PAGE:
Data on Chalcogens Reported by Researchers at Johns Hopkins University [Electron Induced Surface Reactions of Organometallic Metal(hfac)(2) Precursors and Deposit Purification]
By a News Reporter-Staff News Editor at Life Science Weekly -- Researchers detail new data in Chalcogens. According to news reporting originating in Baltimore, Maryland, by NewsRx journalists, research stated, "The elementary processes associated with electron beam-induced deposition (EBID) and post-deposition treatment of structures created from three metal(II)(hfac)(2) organometallic precursors (metal = Pt, Pd, Cu; hfac = CF3C(O)CHC(O)CF3) have been studied using surface analytical techniques. Electron induced reactions of adsorbed metal(II)(hfac)(2) molecules proceeds in two stages."
The news reporters obtained a quote from the research from Johns Hopkins University, "For comparatively low electron doses (doses = 50%) of the oxygen and fluorine atoms, although most (>80%) of the carbon atoms remain. As a result of these various transformations the reduced metal atoms become encased in an organic matrix that is stabilized toward further electron stimulated carbon or oxygen loss, although fluorine and hydrogen can still desorb in the second stage of the reaction under the influence of sustained electron irradiation as a result of C-F and C-H bond cleavage, respectively. This reaction sequence explains why EBID structures created from metal(II)(hfac)(2) precursors in electron microscopes contain reduced metal atoms embedded within an oxygen-containing carbonaceous matrix. Except for the formation of copper fluoride from Cu-II(hfac)(2), because of secondary reactions between partially reduced copper atoms and fluoride ions, the chemical composition of EBID films and behavior of metal(II)(hfac)(2) precursors was independent of the transition metal's chemical identity. Annealing studies of EBID structures created from Pt-II(hfac)(2) suggest that the metallic character of deposited Pt atoms could be increased by using post deposition annealing or elevated substrate temperatures (>25 degrees C) during deposition."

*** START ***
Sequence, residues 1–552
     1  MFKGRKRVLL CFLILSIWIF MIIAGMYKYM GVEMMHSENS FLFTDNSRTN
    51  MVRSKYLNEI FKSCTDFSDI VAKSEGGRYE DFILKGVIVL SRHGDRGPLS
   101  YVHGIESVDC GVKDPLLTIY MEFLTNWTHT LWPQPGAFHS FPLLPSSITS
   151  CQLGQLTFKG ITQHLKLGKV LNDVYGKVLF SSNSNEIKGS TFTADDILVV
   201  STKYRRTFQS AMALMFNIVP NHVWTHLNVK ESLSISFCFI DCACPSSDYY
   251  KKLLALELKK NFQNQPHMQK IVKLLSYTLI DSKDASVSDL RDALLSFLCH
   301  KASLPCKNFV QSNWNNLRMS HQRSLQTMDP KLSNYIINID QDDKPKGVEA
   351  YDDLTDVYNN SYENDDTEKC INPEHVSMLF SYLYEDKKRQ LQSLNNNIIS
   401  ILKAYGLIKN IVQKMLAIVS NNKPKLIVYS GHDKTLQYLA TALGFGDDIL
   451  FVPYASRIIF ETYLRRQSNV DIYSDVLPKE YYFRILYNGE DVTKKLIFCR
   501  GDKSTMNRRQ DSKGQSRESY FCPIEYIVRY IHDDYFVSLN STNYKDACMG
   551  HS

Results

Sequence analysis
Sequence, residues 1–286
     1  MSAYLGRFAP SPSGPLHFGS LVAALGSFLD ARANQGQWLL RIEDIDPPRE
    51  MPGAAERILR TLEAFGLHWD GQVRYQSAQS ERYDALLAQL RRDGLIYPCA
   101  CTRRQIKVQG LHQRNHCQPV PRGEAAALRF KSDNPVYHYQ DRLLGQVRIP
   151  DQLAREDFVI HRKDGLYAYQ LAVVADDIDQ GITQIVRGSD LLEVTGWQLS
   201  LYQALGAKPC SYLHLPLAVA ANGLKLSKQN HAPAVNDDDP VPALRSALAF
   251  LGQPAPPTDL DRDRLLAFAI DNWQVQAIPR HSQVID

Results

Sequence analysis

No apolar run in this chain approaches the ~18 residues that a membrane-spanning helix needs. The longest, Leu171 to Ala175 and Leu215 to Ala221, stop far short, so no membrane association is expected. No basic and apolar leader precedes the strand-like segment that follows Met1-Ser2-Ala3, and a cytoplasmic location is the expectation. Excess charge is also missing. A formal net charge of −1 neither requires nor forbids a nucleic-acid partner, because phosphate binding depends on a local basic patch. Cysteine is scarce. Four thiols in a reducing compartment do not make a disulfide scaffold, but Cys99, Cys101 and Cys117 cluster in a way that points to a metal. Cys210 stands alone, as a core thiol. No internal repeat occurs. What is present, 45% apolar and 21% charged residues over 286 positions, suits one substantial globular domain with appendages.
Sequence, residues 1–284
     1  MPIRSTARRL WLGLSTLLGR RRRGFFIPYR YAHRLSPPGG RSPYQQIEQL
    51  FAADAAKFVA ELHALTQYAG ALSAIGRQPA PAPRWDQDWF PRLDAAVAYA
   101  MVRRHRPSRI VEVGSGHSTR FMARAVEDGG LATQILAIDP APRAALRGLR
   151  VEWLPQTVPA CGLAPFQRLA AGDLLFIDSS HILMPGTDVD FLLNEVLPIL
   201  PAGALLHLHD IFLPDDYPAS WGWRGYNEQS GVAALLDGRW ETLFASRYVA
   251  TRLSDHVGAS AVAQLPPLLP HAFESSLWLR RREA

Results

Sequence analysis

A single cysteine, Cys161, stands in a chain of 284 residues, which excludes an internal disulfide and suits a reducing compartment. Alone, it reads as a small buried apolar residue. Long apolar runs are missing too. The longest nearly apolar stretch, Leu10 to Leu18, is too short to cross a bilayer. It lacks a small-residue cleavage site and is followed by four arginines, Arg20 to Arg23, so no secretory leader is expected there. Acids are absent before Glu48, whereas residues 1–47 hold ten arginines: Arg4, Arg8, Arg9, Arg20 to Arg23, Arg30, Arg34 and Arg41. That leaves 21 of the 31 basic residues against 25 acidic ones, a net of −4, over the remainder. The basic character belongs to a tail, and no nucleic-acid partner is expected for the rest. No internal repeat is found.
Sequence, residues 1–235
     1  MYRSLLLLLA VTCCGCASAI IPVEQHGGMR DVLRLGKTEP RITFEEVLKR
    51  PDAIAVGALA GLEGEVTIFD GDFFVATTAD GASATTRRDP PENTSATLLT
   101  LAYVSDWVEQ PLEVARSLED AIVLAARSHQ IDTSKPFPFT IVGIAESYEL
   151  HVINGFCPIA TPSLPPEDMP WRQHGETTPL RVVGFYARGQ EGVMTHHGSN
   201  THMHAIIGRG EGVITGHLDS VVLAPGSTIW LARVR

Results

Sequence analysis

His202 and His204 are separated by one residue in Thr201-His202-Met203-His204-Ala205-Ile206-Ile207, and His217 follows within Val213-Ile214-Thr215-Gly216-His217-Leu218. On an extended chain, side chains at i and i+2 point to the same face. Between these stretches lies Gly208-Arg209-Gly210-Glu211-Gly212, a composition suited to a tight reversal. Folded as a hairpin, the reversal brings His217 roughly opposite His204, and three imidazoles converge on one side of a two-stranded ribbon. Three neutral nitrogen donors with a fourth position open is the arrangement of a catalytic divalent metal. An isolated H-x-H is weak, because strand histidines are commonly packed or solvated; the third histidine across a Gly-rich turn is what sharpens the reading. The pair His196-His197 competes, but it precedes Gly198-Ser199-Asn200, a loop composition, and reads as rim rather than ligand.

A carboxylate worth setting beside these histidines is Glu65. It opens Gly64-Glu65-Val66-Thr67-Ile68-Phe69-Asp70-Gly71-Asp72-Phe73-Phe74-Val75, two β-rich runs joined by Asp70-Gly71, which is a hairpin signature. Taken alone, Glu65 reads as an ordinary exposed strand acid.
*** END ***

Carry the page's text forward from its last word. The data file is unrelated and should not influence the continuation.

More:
According to the news reporters, the research concluded: "By exposing EBID structures created from Cu-II(hfac)(2) to atomic oxygen followed by atomic hydrogen, organic contaminants could be abated without annealing."
For more information on this research see: Electron Induced Surface Reactions of Organometallic Metal(hfac)(2) Precursors and Deposit Purification. ACS Applied Materials & Interfaces, 2014;6(11):8590-8601. ACS Applied Materials & Interfaces can be contacted at: Amer Chemical Soc, 1155 16TH St, NW, Washington, DC 20036, USA. (American Chemical Society - www.acs.org; ACS Applied Materials & Interfaces - www.pubs.acs.org/journal/aamick)
Our news correspondents report that additional information may be obtained by contacting S.G. Rosenberg, Johns Hopkins University, Dept. of Chem, Baltimore, MD 21218, United States. Additional authors for this research include M. Barclay and D.H. Fairbrother (see also Chalcogens).
Keywords for this news article include: Maryland, Baltimore, Chalcogens, United States, Nanotechnology, Emerging Technologies, Organometallic Organosol, North and Central America
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